dear lucille

If you don’t already know, this is Lucille Clifton. Any description I would write for her would be inadequate, so all I have right now is this out-of-context list: Lucille was a whole human, daughter, sister, wife, mother, educator, prize-winning poet and writer, and former poet laureate of Maryland.

Lucille was also my teacher and my honorary Auntie—though she doesn’t know that. 

I found my way to Lucille’s work by happy accident. I was at the end of my first year in graduate school for creative writing and had, at the last minute, shifted my area of concentration from nonfiction to poetry. When I found some of her work on my comprehensive exams reading list, I immediately fell in love. I had to know more. When I looked her up and realized she had died a year prior, I was devastated. I was mad at the calendar that confirmed the length of time between the day she died and the day I met her. I was furious with death for taking her. I was angry with the education that taught me Shakespeare, Whitman, Keats, Frost, but not Clifton.

So, I began to write her letters. I wrote her letters because I would be damned if death told me that we couldn’t communicate with each other. One of those letters is featured in my book, A Map You Cannot Refold.

Yesterday, I sent a copy of my book to Lucille’s daughter, and I don’t have words to explain how that felt. My hands shook as I wrote the Thank You card and drew her daughter’s name on its envelope. I quote an excerpt of Lucille’s poem “my dream about being white” in my book. It serves as an epigraph to my poem titled “dear lucille.” When I received permission from the publisher to use the excerpt, I cried. Then I read: “In lieu of a fee, you will send one free copy print of your work, upon release, to The Estate of Lucille Clifton.”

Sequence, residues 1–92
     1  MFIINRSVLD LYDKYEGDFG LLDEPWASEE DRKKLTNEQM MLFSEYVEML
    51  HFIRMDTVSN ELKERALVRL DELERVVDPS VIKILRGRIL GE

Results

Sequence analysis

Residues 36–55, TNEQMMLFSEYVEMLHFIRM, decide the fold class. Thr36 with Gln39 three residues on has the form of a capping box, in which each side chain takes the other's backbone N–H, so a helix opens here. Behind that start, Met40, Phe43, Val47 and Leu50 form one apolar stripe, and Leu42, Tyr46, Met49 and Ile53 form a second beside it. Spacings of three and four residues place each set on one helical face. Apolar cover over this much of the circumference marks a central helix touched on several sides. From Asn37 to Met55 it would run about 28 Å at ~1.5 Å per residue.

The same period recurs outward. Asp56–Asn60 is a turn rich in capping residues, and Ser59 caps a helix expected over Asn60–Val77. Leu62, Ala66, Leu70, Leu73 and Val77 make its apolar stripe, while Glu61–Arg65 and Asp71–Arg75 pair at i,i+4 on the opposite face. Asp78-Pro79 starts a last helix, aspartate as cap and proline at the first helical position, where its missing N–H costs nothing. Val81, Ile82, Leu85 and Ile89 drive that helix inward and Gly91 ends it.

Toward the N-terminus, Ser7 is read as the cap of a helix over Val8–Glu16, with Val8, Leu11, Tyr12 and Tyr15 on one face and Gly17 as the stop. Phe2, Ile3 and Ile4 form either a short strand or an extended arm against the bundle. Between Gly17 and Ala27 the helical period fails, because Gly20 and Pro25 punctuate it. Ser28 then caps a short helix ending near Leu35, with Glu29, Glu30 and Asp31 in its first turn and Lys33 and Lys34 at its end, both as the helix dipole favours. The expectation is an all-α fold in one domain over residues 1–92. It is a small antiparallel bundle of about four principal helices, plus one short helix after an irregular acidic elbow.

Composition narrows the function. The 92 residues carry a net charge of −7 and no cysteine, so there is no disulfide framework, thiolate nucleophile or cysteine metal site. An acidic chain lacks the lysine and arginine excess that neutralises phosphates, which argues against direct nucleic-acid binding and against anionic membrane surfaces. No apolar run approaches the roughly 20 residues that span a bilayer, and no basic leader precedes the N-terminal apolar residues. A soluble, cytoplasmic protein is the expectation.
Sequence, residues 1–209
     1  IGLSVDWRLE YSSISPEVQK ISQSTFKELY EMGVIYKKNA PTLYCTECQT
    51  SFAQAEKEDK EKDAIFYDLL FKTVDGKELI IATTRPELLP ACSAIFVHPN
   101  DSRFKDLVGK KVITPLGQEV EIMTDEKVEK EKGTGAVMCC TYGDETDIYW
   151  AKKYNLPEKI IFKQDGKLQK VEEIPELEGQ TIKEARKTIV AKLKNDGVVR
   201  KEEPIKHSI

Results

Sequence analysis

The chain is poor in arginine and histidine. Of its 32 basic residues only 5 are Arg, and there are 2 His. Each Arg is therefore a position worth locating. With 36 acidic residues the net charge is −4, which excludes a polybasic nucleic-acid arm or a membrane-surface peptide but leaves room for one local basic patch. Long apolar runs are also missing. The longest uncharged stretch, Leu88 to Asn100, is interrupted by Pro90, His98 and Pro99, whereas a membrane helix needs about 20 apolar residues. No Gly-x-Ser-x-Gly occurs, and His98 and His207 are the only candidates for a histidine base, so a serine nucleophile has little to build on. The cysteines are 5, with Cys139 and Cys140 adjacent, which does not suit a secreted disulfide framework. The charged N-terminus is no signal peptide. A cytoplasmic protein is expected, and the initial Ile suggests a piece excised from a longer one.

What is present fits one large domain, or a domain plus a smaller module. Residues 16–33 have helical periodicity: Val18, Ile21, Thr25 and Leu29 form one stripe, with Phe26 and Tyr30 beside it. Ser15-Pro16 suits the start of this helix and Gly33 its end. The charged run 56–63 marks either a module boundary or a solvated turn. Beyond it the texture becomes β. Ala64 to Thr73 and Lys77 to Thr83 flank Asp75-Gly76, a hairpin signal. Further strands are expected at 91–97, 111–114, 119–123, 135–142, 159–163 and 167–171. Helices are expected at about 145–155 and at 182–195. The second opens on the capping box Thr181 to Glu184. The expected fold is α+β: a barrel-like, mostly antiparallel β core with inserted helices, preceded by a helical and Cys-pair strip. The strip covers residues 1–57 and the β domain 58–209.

I almost stopped breathing. I had to close the email.

Not only would my book contain part of Lucille’s work, but my book would be in her family’s possession. That knowledge took me a week to process before I could even respond to the email.

I don’t know if anyone in her family will ever read the book. For all I know, my book will sit on a shelf gathering dust or remain in a box in someone’s storage area. I care not.

In a conversation with poet Michael S. Glaser published in 2000, Glaser asked Lucille why she wrote and what she encouraged her writing students to do in their own writing lives. She responded: 

“Well, one does not write to be famous, you know? First of all, how famous is a writer, when you think about it? And I don’t write because I have a mission to heal the world. My mission is to heal Lucille if I can, as much as I can. What I know is that I am not the only one who has felt the things I feel. And so, if what I write helps to heal others, that’s excellent, but my main thing is for me not to fall into despair, which I have done on occasion and could do at any time. . .[W]rite because you need it. It will somehow help you get through a difficult life.”

“I’d like Not to Be a Stranger in the World: A Conversation/Interview with Lucille Clifton” – Lucille Clifton and Michael S. Glaser

I hadn’t read that interview before today. As I read it, I thought: This. Exactly this.

Down my spine, I have a tattoo that reads “everyday something has tried to kill me and has failed.” Those words are from “won’t you celebrate with me,” one of my favorite poems of Lucille’s:

won’t you celebrate with me
what i have shaped into
a kind of life? i had no model.
born in babylon
both nonwhite and woman
what did i see to be except myself?
i made it up
here on this bridge between
starshine and clay,
my one hand holding tight
my other hand; come celebrate
with me that everyday
something has tried to kill me
and has failed.

I got those final lines tattooed on my skin at a time when I was in a great deal of emotional pain. When I have emotions I need to process, I write. At times, I choose to write words on my body—especially those I need to remember most. I chose to have those words added to my spine because I needed the reinforcement. 

I can only see those words by looking into a mirror, but I know they are there. And I walk this world knowing that Lucille walks with me.